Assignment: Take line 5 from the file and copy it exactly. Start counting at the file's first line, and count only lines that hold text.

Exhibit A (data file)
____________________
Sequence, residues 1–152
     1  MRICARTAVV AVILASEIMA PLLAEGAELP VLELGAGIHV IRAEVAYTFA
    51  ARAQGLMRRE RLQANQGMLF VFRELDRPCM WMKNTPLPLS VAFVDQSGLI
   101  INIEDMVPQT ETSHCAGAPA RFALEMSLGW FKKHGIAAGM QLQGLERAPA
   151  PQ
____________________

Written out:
   151  PQ